DEE SMITH: Yeah, it's very interesting. It's almost like the butterfly effect too- these little sparks can just ignite a conflagration. The whole Arab Spring was literally started by one vendor who set himself on fire because he couldn't get his car back after he'd been taken away from it. And the fire literally spread throughout the whole of the region. And so, you do have this- Macron does one little thing that if he'd done it the week before or if he'd done something different, it might not have produced that at all.
But you can't really judge where those things are. It's not a predictable system. It's like what they call a catastrophic system in mathematics. It suddenly changes from one state to another without any real thing. So, I do have that concern in the UK. And you just wonder if there was, for example, a second referendum. And, of course, the question there is, what would the question be on the second referendum?
IRENE FINEL-HONIGMAN: That's a problem.
DEE SMITH: And I've heard all sorts of versions of that. But if there were- and one side or the other is obviously going to lose- and would that be a spark that would ignite this? And how would you control it? I remember- who was it that said that- this was years ago. And it was a famous book, and he said he described the British as having barely controlled anger. And I think that's true. I think that is correct. And one doesn't want to reach the point in which that's let loose.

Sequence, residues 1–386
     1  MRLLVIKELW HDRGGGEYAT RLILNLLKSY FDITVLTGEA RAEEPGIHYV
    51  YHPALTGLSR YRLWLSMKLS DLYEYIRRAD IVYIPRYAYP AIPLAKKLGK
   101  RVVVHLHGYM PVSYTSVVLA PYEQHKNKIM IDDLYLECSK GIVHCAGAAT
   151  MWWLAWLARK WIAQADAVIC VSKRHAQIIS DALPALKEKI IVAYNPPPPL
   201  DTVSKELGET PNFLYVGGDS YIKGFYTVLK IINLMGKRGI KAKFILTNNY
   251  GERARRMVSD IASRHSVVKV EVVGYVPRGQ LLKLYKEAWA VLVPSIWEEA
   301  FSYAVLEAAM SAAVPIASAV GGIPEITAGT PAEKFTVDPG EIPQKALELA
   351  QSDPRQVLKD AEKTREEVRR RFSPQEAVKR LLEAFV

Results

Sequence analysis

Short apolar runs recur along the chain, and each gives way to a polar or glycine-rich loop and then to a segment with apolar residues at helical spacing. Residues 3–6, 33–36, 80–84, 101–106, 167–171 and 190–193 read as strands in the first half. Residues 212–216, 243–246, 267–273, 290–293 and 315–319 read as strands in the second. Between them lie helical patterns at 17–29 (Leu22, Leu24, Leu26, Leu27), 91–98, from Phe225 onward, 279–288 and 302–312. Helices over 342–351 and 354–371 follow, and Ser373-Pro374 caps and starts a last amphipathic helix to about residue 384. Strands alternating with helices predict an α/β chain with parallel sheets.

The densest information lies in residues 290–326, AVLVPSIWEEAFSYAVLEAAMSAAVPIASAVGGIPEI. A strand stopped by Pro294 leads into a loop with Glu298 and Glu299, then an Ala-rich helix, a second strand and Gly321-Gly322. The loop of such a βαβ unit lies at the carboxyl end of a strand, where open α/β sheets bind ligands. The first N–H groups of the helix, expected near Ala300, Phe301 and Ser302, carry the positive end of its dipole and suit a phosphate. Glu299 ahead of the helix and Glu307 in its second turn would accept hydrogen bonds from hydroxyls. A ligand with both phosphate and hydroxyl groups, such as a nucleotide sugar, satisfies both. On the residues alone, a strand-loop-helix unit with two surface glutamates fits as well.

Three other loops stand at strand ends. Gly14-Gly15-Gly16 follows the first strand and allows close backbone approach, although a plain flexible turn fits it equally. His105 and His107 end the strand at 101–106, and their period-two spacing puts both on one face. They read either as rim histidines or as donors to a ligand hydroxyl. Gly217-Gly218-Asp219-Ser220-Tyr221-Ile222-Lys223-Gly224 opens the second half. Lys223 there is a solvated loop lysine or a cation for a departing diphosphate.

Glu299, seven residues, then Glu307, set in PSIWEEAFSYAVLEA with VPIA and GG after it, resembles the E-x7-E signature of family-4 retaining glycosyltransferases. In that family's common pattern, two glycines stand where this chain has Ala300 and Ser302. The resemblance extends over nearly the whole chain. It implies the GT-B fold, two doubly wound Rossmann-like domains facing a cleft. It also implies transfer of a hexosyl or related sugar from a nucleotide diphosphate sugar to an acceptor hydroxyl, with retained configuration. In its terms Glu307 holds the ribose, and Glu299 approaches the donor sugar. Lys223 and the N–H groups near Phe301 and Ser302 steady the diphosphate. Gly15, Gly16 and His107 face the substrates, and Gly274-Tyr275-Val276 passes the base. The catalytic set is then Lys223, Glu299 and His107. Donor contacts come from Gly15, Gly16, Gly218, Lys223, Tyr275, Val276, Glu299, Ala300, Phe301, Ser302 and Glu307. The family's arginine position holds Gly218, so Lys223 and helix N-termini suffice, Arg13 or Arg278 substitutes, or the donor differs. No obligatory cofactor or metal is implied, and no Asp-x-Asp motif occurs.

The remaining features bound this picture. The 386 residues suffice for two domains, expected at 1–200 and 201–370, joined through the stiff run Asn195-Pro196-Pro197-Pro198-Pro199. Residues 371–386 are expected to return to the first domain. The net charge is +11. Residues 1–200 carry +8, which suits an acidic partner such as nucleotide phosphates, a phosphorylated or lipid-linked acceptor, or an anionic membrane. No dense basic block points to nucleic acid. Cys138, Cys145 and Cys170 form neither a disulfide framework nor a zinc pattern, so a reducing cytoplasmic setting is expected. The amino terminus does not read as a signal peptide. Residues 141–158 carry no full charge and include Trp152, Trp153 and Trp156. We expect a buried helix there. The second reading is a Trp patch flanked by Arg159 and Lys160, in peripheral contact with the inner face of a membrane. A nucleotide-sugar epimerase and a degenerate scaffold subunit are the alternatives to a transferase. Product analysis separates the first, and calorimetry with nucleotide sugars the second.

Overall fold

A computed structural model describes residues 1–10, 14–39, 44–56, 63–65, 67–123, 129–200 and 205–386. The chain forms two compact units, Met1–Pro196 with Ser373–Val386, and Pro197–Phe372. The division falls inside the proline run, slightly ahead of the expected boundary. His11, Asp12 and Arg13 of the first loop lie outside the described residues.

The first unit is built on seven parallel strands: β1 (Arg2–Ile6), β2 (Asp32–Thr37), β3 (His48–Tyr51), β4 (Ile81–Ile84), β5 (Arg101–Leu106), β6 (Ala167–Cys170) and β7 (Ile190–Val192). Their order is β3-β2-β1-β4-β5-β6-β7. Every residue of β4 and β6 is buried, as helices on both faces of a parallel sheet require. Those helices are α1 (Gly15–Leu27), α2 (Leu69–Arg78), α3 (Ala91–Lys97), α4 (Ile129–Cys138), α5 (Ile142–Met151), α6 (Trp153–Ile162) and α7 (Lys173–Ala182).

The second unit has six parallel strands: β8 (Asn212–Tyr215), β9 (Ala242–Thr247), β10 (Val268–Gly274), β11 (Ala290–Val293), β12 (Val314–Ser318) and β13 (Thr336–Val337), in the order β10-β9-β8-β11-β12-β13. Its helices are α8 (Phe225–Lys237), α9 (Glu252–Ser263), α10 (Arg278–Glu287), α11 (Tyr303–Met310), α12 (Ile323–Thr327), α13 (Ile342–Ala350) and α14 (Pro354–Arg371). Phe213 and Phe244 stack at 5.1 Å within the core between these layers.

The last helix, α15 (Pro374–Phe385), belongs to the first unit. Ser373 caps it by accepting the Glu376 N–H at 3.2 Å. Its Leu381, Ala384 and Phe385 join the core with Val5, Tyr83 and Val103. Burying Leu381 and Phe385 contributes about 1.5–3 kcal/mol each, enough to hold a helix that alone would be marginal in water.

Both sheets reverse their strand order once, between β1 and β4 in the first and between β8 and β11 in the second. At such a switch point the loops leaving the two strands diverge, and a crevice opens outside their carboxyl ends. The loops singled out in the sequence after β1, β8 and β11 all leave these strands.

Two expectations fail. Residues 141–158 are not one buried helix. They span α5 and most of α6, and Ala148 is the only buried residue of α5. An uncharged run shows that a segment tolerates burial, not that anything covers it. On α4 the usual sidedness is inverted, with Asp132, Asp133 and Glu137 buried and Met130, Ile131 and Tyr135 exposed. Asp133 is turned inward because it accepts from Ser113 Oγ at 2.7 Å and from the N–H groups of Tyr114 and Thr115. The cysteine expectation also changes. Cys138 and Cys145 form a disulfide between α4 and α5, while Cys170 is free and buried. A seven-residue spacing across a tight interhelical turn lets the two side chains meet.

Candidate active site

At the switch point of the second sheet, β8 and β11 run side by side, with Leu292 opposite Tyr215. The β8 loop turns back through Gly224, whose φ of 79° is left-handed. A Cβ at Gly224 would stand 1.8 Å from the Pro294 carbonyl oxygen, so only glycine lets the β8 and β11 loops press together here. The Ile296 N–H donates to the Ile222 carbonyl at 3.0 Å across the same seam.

IRENE FINEL-HONIGMAN: Well, I think this is the problem in Europe also. You could almost go country by country in Europe. This basically simmering level of anger against some of the political class, against a political decision- this sense that you still are basically be run by elites making decisions that do not necessarily take you into account- is running right now very deep.
DEE SMITH: It's a sense of betrayal, I think.
IRENE FINEL-HONIGMAN: It is a betrayal. And we have to remember, of course, in European history, it's a long tradition of this. The revolution in 1848 started this way. There've been other major revolutions and tremendous changes in Europe that start, often, exactly with that. And so, the point I always find fascinating with a lot of European countries- and, in a way, maybe that does go back to their almost deep and sometimes instinctive sense of their own history- they often do have these sudden movements of rage and anger. And yet somehow at the end, they always seem- particularly since the creation of the European Union- to almost walk to the precipice and then walk back. To somehow understand, perhaps in a deeper level than we do in the States where we have not gone through what Europe has gone through- that you don't want to get too close to the abyss.
DEE SMITH: You can look over.
IRENE FINEL-HONIGMAN: Exactly. And then, okay. And we have seen this already in Italy. We have, in many ways, seen this in Greece. We have seen this in a number of countries. Certainly Macron, interestingly enough, has tried to a little bit contain this by doing something typically French, which, years ago, Mitterrand did- is appeal to the sense of the country, appeal to the sense of patriotism. That we're all in this together.